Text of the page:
How to define a generation famous for evading categorical description? Generation X has long posed a conundrum to marketers. They’re savvy, oversaturated, and busy people with a cynicism regarding the media. And yet the sociological forces that shape their worldviews are powerful and specific and, with a little creative thinking, can be the basis for marketing and development decisions targeting them.
While Gen X may not ever be brand loyal the way their boomer parents tend to be, certain observations about their lifestyles and values emerge. First, Xers are stressed-out individuals. They seek solace from the hectic pace of careers and the heavy image bombardment from advertising, news, and entertainment. The amount of time they spend engaging in technology contributes to their frazzled nerves. These are people who are totally comfortable with today’s myriad gadgets. Technology fuels their lives and enables them to be connected all the time, making it hard to unplug.
Because they grew up with more advertising than previous generations, they tend to resent it; they’d prefer to be highly informed and make a decision based on their own assessment of quality and performance. Authenticity is key for brand messages, as Xers can smell marketing a mile away. Being the first generation to grow up with heavy use of computers and other gizmos, they have a short attention span and don’t tolerate superlatives in advertising. Remember, they’re skeptics—they like to feel as though they’re discovering high-quality products for themselves by virtue of their discerning taste.
Between 1960 and 1980, divorce rates tripled, peaking in 1979. For that reason one might guess that Xers would shun marriage and child-rearing. But true to their ironic sensibilities, this demographic instead vows to be good parents. Those who do marry and have families place great emphasis on providing a stable home life. They strive to give their children the best, both emotionally and materially. From organic baby food to designer maternity fashion to strollers with high-tech shock absorption, Xers demand a more sophisticated range of products.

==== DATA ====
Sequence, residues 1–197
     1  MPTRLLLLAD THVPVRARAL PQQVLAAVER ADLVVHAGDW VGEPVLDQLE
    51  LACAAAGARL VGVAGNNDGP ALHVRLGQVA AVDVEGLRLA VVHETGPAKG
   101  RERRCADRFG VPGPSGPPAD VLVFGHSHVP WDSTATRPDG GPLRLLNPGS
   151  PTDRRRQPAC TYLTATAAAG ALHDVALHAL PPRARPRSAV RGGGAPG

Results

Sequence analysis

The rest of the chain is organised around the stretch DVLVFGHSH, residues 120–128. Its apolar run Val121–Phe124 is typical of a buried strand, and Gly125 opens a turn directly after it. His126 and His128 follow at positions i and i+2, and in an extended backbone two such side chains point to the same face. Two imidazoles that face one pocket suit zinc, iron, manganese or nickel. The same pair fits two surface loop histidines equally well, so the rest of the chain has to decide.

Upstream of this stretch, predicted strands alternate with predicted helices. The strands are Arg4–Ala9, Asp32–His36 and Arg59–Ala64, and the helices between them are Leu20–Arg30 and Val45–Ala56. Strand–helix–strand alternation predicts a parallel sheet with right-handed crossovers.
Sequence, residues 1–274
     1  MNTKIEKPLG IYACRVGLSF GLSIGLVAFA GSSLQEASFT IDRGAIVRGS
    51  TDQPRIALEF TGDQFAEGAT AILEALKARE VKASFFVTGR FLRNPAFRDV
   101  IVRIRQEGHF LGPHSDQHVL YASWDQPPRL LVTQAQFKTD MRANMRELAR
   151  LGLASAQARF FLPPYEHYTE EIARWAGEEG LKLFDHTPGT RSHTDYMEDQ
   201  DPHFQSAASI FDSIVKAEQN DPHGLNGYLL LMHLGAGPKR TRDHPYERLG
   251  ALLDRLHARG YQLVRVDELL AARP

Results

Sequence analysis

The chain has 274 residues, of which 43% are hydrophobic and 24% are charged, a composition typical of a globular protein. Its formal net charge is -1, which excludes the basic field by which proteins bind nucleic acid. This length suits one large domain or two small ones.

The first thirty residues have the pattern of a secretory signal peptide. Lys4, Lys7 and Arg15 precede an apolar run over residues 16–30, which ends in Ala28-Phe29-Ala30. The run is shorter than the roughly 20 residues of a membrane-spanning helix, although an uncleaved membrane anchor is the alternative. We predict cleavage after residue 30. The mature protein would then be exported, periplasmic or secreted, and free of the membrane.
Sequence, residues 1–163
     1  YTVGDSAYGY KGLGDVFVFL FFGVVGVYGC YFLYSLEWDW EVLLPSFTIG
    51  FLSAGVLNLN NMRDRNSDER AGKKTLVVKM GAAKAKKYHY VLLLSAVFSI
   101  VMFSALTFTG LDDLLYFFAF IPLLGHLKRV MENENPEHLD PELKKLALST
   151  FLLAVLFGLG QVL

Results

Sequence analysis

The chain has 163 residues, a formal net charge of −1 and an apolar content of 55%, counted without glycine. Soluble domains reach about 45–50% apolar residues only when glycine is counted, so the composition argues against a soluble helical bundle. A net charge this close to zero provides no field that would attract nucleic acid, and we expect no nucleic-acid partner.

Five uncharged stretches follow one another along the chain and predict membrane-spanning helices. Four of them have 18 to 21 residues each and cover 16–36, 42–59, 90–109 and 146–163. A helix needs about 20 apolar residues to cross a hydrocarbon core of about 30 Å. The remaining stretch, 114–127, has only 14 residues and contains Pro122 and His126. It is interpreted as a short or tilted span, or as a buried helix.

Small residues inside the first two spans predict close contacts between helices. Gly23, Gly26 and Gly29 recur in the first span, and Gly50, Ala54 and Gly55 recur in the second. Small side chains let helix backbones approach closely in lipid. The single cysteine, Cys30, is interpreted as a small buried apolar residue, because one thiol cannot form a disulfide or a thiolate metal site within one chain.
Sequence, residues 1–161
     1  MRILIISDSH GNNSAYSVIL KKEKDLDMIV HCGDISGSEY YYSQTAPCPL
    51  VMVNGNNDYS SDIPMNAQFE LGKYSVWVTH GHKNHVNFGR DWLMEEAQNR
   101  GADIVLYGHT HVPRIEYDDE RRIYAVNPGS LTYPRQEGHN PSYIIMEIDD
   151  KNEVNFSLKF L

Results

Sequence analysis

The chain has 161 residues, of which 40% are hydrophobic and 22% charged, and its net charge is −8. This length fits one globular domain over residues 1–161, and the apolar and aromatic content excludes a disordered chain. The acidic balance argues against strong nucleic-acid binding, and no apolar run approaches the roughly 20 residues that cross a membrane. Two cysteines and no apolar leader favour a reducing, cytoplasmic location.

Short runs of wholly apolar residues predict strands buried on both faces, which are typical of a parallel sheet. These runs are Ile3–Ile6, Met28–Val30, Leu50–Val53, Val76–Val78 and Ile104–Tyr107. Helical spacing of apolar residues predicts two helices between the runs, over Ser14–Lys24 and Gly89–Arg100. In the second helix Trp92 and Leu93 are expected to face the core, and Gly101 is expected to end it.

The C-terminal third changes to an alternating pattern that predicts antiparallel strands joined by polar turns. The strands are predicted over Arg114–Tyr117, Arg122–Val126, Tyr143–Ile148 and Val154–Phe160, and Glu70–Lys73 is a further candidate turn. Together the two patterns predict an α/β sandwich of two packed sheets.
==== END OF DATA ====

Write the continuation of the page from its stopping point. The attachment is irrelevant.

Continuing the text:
In fact, Xers are famous for paradoxical behaviors. For example, while certain Xer buying habits indicate an emphasis on value and convenience, Xers can also be snobby about food and beverage quality. One might note the growth of the organic-food industry: Between 1990 and 2002, the sale of organic foods and beverages rose 1,000%, according to a report by the U.S. Market for Organic Foods and Beverages. Caring for one’s body is paramount to this generation. Categories that emphasize quality or craft will only continue to grow—and if the products in question are environmentally friendly, so much the better.
Finally, Generation X prides itself on being tough to define. They reject notions of umbrella characteristics. One ad campaign that highlights this trait is that of the (Apple iPod: the silhouette of cool, youngish men and women rocking out, yet no one really knows what they look like, and the suggestion is that they’ll find their own inspiration without outside guidance.
In a certain light, this sense of individuality has a false lining. Xers do respond to peer influence; in fact, they love to give and get the scoop on new products and entertainment. The catch is, they like to feel as though they’re striking out on their own, down some path where ingenuity and smarts will serve and protect them well. But in reality, they have to look over their shoulder, just to make sure they’re not totally alone.
Cheryl Swanson is principal of Toniq (www.toniq.com), a New York-based brand strategy firm.